Morning Coffee: Kudos to the KMAX
Morning Coffee is a robust blend of links to news around the Internet concerning the Pax River economic community. The opinions expressed here do not necessarily reflect those of the Leader’s owners or staff.
Vice Adm. David Architzel praises the performance of the KMAX unmanned helicopter during its Afghanistan deployment, according to Defense Tech.
Politico says sequestration would have dire effects on national security. Democrats rally against those other sequestration cuts, to social programs, according to Huffington Post. The Wall Street Journal opines that the only way to cut defense spending waste is through sequestration. Rep. Forbes says sequestration would cost 89,000 civilian DoD jobs, according to Defense News.
The Senate’s move to work on the cybersecurity bill means defense appropriations bill is not likely to be passed before the election, The Hill reports. Washington Technology says this is going to have to be one heck of a lame duck session after the election.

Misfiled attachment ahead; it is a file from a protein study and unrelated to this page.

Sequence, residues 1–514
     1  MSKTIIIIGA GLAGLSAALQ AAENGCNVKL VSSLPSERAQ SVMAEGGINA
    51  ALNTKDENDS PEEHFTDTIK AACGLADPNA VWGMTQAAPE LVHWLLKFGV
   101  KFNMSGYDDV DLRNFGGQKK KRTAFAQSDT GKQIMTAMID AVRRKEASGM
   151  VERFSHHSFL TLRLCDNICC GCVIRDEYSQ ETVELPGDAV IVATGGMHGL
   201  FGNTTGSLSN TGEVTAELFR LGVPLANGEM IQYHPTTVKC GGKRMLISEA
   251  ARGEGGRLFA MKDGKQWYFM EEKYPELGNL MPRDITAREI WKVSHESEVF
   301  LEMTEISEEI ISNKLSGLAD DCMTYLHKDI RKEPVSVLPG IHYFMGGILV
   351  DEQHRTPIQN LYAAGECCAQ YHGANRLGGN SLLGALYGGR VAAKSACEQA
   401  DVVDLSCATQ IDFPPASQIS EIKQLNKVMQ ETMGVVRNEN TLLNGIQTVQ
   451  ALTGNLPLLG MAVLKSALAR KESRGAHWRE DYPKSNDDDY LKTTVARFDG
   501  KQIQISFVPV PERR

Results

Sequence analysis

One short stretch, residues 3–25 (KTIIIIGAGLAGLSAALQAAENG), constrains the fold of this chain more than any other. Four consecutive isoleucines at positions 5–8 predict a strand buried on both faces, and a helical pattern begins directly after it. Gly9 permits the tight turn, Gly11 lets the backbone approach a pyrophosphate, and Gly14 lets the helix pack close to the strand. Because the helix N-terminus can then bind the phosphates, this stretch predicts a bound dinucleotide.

Timothy Gowen succeeds Capt. John Slaughter as head of NAVAIR’s Naval Aviation Center for Rotorcraft Advancement, Rotor & Wing reports.
AOL Defense does a roundup of the Navy’s next generation jammer program.
Lockheed seeks employee ideas to lower the cost of the Joint Strike Fighter, according to the Fort Worth Star-Telegram. The company plans to deliver 18 more F-35s this year, according to FlightGlobal.
Navy Secretary Mabus punches back at critics of the Navy’s biofuels program.
V-22 Ospreys remain grounded in Japan, according to DoD Buzz.
NAVAIR contracts: General Electric gets $8.2 million more to procure 1,068 T64 variable guide vane linkage improvement kits in support of the H-53 aircraft; and Northrop Grumman gets $7.8 million more for maintenance, manufacturing of parts, instrumentation and engineering support for the C-2, E-2, Advanced Hawkeye (E-2D), and applicable platforms associated with Airborne Early Warning equipment, rotor dome and vapor cycle system.
Washington Technology looks at the old debate – who’s cheaper, Feds or contractors?